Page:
I just finished Geoffrey Wawro's book on the Franco-Prussian War, which I thought provided a wonderfully clear explanation of the causes and course of one of the nineteenth-century's most important conflicts. I'll provided a more detailed review later on, but in essence he attributes the outcome to two complimentary factors: the superior preparations of the Prussian military, and the failure of French leadership.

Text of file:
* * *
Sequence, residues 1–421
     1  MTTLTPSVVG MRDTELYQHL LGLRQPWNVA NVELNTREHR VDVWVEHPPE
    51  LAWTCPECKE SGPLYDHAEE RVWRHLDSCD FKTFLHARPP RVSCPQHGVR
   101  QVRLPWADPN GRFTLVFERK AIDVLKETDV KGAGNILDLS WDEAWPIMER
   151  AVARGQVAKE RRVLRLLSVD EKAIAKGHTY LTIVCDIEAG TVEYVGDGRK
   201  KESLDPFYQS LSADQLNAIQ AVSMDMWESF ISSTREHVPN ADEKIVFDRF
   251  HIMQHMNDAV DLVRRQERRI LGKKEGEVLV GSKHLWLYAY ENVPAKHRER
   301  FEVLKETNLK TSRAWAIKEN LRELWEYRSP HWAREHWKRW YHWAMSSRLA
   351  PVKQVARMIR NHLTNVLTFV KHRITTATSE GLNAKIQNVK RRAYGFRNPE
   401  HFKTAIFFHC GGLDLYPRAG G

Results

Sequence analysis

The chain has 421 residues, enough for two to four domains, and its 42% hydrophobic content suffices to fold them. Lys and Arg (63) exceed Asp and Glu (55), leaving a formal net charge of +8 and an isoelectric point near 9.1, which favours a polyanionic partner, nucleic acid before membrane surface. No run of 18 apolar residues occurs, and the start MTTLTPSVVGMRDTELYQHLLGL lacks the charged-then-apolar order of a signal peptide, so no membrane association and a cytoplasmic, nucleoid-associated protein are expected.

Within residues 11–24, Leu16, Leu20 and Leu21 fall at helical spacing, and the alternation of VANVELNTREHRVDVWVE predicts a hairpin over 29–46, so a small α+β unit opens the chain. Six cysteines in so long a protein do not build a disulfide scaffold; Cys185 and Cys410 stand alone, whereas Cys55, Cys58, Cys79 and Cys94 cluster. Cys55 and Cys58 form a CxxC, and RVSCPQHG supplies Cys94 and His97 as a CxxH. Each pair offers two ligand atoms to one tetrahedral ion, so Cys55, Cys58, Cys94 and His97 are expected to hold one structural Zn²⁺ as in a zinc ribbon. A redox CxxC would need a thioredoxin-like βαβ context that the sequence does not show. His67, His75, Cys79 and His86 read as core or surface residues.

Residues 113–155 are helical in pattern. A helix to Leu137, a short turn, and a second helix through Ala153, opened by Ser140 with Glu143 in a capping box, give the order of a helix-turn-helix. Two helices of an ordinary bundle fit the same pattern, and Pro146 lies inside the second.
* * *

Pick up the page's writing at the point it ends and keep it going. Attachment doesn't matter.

It is the latter of the two that I found especially striking. On the surface France had a lot going for it: the dominant power in Europe for over two centuries, it was a prosperous country with a large army that was well experienced in warfare. Moreover, having observed Prussia's victory in the Austro-Prussian War just four years before, they knew how the Prussians waged war and were adapting accordingly. Yet these factors were offset by the rot at the heart of the French leadership, from an ailing and disengaged emperor to generals more interested in fighting among themselves than battling the Prussians. This I knew; what Wawro also includes is the disaffection of the French populace from not just the empire but from their army, which was a collection of aging careerists disassociated from the larger population. The combination proved fatal when they went to war against Prussia in 1870, and while I hate to read the past into the present I was struck by some of the lessons it had to offer for today.